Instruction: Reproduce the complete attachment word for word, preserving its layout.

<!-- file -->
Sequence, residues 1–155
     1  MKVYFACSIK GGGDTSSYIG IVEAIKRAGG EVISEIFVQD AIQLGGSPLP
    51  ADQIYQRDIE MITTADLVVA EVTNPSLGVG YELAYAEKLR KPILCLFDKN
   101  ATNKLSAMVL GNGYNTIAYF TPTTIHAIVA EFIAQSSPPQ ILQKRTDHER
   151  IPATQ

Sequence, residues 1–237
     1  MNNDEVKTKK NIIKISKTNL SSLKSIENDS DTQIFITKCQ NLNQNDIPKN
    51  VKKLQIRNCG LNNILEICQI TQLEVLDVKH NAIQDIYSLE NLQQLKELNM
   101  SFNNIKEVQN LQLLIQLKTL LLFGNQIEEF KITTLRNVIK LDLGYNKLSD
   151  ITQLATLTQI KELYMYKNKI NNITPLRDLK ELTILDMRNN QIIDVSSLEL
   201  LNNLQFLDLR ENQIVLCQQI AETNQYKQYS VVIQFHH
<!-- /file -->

Sequence, residues 1–155
     1  MKVYFACSIK GGGDTSSYIG IVEAIKRAGG EVISEIFVQD AIQLGGSPLP
    51  ADQIYQRDIE MITTADLVVA EVTNPSLGVG YELAYAEKLR KPILCLFDKN
   101  ATNKLSAMVL GNGYNTIAYF TPTTIHAIVA EFIAQSSPPQ ILQKRTDHER
   151  IPATQ

Sequence, residues 1–237
     1  MNNDEVKTKK NIIKISKTNL SSLKSIENDS DTQIFITKCQ NLNQNDIPKN
    51  VKKLQIRNCG LNNILEICQI TQLEVLDVKH NAIQDIYSLE NLQQLKELNM
   101  SFNNIKEVQN LQLLIQLKTL LLFGNQIEEF KITTLRNVIK LDLGYNKLSD
   151  ITQLATLTQI KELYMYKNKI NNITPLRDLK ELTILDMRNN QIIDVSSLEL
   201  LNNLQFLDLR ENQIVLCQQI AETNQYKQYS VVIQFHH